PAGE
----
The Meanings of Nudity in Medieval Art
(Regular price: £75.00)
- Imprint: Ashgate
- Illustrations: Includes 8 colour and 149 b&w illustrations
- Published: March 2012
- Format: 244 x 172 mm
- Extent: 382 pages
- Binding: Hardback
- ISBN: 978-1-4094-2284-6
- Short ISBN: 9781409422846
- BL Reference: 704.9'421'0902
- LoC Number: 2011014844
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- Edited by Sherry C.M. Lindquist
- It is still routinely repeated that representations of the unclothed body in the Middle Ages connoted a site of corruption and sin, in contrast to a new, distinctive, humanistic and even secularizing Renaissance appreciation. But as the contributors to this collection remind us, medieval imagery that incorporated nudity was varied, complex and nuanced. It was a time-honored category of representation that viewers had been accustomed to seeing in the most sacred contexts, but also an opportunity for dissent and transgression, and thus a source of conservative consternation. This volume discloses how nudity in medieval art staged a discourse about sex and gender that informs the iconography of the nude body in Western art up to the present day; in doing so, it offers new insight into the problematic role of the nude in the larger art historical narrative.
Addressing a strangely neglected key issue in the history of art, this volume engages the issue of medieval representations of the unclothed human body on theoretical grounds and in a more global way than has been done previously. The Meanings of Nudity in Medieval Art breaks ground by offering a variety of approaches to explore the meanings of both male and female nudity in European painting, manuscripts and sculpture ranging from the late antique era to the fifteenth century.
- Contents: The meanings of nudity in medieval art: an introduction, Sherry C.M. Lindquist; The survival and reception of the classical nude: Venus in the Middle Ages, Jane C. Long; Male nudes and embodied spirituality in Romanesque sculpture, Kirk Ambrose; The naked jongleur in the margins: manuscript contexts for social meanings, Elizabeth Moore Hunt; A son's gaze on Noah: case or cause of viriliphobia?, Madeleine H. Caviness; Uncovering the meanings of nudity in the Belles Heures of Jean, Duke of Berry, Martha Easton; Pubics and privates: body hair in late medieval art, Penny Howell Jolly; Nudity as natural garment: seeing through Adam and Eve's skin, Linda Seidel; Integritas, proportio and claritas: the body in Tuscan representations of Baptism 1300–1450, Véronique Dalmasso; Christ bared: problems of viewing and powers of exposing, Corine Schleif; Sin or sexual pleasure? A little-known nude bather in a Flemish Book of Hours, Diane Wolfthal; Reconsidering the nude: Northern tradition and Venetian innovation, Paula Nuttall; Epilogue, Madeline H. Caviness; Indexes.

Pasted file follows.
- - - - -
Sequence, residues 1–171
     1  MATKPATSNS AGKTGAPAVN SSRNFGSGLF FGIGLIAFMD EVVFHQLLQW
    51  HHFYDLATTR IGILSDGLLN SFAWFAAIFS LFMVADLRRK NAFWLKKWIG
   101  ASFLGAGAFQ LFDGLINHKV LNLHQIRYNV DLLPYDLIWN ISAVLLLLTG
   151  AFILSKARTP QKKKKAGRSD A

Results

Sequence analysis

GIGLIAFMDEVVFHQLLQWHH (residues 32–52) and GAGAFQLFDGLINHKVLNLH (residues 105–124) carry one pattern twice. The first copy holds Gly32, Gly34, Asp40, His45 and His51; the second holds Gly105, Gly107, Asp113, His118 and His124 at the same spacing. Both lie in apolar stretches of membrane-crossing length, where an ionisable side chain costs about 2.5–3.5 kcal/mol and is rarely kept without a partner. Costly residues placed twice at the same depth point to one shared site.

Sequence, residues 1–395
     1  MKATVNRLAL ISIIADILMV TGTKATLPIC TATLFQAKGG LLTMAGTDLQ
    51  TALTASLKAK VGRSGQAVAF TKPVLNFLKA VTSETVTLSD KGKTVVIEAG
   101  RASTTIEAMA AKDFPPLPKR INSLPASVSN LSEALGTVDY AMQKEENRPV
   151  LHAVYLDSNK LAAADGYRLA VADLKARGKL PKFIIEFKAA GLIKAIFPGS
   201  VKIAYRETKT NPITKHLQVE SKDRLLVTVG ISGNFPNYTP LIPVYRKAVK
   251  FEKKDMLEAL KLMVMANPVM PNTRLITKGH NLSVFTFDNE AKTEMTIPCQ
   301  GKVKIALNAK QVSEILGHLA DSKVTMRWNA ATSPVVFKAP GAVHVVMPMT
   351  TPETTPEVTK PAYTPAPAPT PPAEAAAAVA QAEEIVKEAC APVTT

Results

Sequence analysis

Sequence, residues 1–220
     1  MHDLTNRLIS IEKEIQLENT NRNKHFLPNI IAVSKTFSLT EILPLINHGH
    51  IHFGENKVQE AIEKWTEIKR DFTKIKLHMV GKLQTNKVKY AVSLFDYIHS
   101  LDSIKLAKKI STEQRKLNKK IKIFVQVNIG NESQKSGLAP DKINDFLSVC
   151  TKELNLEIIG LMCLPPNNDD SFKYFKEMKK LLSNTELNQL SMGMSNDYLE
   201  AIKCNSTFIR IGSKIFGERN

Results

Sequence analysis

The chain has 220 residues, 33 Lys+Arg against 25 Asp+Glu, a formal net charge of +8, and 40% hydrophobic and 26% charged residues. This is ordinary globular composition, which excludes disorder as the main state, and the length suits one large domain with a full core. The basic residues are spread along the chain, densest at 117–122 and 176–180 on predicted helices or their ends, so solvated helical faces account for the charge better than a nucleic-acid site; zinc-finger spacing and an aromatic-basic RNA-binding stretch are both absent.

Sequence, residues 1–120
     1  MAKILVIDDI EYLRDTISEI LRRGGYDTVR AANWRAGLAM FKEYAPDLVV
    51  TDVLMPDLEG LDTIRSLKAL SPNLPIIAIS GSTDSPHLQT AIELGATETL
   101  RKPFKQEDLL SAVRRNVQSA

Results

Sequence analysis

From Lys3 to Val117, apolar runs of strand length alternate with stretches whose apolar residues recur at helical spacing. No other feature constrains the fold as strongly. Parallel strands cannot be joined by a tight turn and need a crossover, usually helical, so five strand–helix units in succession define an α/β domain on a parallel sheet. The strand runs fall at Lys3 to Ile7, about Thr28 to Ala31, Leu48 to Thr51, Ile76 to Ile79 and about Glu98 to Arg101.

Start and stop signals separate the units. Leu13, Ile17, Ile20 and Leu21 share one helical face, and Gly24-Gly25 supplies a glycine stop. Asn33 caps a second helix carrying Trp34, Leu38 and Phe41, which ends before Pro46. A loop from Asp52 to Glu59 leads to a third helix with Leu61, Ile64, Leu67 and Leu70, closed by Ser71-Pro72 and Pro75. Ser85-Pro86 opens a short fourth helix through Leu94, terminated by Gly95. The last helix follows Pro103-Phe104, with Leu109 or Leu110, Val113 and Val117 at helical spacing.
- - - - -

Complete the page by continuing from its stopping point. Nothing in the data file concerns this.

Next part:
- About the Editor: Sherry Lindquist, PhD, is the author of Agency, Visuality and Society at the Chartreuse de Champmol.
- Reviews: '… wonderful collection of articles… Mediaevistik
'As editor, Lindquist has compiled an impressive collection of essays from established and talented scholars. Their scholarship reveals multiple depictions and meanings of nudity in medieval art. Lindquist introduces the topic with a comprehensive and comprehensible overview of the historiography of medieval art, carefully developing the argument for a wider understanding of nudity in this period that encompasses an interdisciplinary approach. Each contributor builds a convincing case for Lindquist’s claim, presenting varied topics and using interdisciplinary approaches like gender studies, literary studies, and the medieval body. The result is a collection of careful and nuanced analyses of selected medieval nude case studies.' Parergon
'… an excellent collection of essays treating a wide variety of situations in which imagery of the nude plays an important role, and it should stimulate additional publications on the topic of nudity in medieval art.'
'… an excellent collection of essays, which will no doubt prove an indispensable resource for all future scholarship on representations of nudity in the Middle Ages.'
Studies in Iconography
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